A leader of the effort says “many reasons” contributed to a desire for change — but Bob Thomas’ recent resignation from the mayor’s seat “was the straw that broke the camel’s back.”
Three petitions seeking removal of Aldermen J.C. Gentry, Todd Malone and Don Weaver were submitted to the Sullivan County Election Commission, Administrator of Elections Gena Frye said Wednesday.
To be considered valid, such petitions must be checked by election officials for proper wording before being circulated for signatures. In this case, changes were needed, Frye said.
The Election Commission is scheduled to next meet on March 4, Frye said, and reformatted versions of the petitions are expected to come up for commission review.
L.G. Leonard, a former Bluff City BMA member, said he and others believe Thomas resigned because of “hostile” aldermen.
“He considers his health more valuable than wondering when he’s going to be stabbed in the back,” Leonard said. “It was very sad. He’s a fine man. A moral, Christian man. I’ve known him all my life. They campaigned on getting him off the board ... and they’re fulfilling their campaign promises. The city is going back. It’s not moving forward at all. It’s a beautiful little town. We are upset. That’s the straw that broke the camel’s back that they finally drove him out of office. That’s the major factor in us deciding to go forward with this.”
Frye described the following process if the effort moves forward:
•If properly worded petitions are presented to and certified by the Election Commission, proponents will then have 75 days to collect enough signatures to cause a recall.
•A separate recall petition is required for each office — in other words, proponents must circulate a particular petition for each alderman they wish to put to a recall vote.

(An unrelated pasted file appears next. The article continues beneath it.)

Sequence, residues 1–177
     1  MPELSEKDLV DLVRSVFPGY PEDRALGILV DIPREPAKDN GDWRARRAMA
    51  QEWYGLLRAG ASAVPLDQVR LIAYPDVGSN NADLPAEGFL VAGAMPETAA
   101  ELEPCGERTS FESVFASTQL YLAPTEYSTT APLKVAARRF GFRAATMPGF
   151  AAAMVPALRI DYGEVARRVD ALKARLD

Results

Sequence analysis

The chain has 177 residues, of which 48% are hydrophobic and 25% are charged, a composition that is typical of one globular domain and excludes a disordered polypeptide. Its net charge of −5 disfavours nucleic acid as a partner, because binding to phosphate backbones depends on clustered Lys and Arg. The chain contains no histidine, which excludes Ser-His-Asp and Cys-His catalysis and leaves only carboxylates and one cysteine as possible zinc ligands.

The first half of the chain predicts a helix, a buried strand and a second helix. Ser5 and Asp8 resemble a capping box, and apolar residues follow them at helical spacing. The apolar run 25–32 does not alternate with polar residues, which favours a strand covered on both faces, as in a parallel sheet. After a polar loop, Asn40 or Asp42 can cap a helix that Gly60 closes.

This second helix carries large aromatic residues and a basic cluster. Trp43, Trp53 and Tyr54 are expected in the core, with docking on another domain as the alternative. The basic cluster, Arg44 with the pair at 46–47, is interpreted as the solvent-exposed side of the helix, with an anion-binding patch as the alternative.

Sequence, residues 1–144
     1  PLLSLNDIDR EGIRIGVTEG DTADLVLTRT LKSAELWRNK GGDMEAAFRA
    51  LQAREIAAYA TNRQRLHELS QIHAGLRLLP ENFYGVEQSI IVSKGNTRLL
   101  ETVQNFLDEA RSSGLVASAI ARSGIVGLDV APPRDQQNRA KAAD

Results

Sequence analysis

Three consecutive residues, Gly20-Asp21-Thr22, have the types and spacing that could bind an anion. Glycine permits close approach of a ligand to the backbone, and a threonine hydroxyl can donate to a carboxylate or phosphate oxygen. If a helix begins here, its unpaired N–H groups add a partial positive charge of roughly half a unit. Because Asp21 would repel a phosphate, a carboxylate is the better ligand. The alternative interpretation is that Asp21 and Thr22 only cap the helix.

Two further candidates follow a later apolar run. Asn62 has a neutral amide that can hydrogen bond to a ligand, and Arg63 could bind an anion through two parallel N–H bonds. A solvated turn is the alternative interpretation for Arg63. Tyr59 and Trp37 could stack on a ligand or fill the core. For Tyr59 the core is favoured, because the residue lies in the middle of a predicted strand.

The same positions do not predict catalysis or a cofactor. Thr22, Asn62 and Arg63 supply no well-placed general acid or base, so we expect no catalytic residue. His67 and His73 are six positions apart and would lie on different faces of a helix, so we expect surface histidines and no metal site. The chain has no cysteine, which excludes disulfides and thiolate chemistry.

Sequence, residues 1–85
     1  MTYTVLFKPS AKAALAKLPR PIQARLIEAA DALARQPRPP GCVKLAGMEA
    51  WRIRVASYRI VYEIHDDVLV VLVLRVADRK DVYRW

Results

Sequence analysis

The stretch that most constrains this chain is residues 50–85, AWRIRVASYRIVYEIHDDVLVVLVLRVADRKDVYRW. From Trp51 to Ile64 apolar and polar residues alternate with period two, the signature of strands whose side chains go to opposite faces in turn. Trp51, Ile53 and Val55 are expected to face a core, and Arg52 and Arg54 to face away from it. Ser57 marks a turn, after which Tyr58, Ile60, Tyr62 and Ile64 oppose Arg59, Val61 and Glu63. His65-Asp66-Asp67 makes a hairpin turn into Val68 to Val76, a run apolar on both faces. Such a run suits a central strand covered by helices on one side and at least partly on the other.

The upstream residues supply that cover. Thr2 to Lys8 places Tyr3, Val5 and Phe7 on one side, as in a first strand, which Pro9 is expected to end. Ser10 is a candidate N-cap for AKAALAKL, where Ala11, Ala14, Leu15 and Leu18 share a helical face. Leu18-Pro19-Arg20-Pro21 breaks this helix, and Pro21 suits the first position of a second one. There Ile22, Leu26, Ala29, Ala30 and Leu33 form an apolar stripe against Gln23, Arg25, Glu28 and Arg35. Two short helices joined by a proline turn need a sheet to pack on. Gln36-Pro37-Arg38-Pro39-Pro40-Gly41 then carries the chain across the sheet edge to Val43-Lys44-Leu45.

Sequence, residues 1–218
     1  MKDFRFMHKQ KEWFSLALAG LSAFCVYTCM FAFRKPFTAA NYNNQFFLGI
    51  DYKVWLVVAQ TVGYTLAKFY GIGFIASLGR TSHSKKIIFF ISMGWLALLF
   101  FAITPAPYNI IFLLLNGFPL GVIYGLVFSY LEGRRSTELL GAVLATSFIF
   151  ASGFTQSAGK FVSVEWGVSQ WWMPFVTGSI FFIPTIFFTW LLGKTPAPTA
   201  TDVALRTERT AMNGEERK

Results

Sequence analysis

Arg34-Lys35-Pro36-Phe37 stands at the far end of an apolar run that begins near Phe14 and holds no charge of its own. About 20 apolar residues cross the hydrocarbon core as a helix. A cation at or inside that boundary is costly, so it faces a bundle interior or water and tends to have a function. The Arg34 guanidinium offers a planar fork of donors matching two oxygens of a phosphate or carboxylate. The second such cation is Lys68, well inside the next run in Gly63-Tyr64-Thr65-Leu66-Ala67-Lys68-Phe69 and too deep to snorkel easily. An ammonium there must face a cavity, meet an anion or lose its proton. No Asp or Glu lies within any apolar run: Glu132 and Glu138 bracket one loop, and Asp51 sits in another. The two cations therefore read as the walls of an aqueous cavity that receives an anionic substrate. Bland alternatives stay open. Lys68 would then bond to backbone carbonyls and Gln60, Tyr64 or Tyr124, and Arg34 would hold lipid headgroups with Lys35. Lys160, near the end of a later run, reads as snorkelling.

•The number of valid signatures required from registered Bluff City voters to make a recall happen is about 129. The figure is set out in the city’s charter at 15 percent of all registered voters in the city.
•If enough valid signatures are collected and submitted to the Election Commission — for one or more of the aldermen in question — a date for the ballot will be set. In this case it would likely be August, but could be November.
•Aldermen named for recall would continue to serve until voters go to the polls, whichever date is chosen.
•Under Bluff City’s charter, a recall vote is a simple yes or no matter. On election day, voters would either vote for or against the recall, for each elected official listed on the recall ballot.
•If a majority of voters vote for recall, the elected officials in question vacate office. Remaining members of the BMA would then appoint replacements to fill out their terms.
The process is different than the most recent recall effort in Sullivan County, when several members of the Bristol Tennessee City Council faced recall in 2002. Under Bristol’s city charter, a required number of valid signatures basically launched a special election for the seats in question — when voters went to the polls, they voted for council candidates, which in some cases included the incumbents.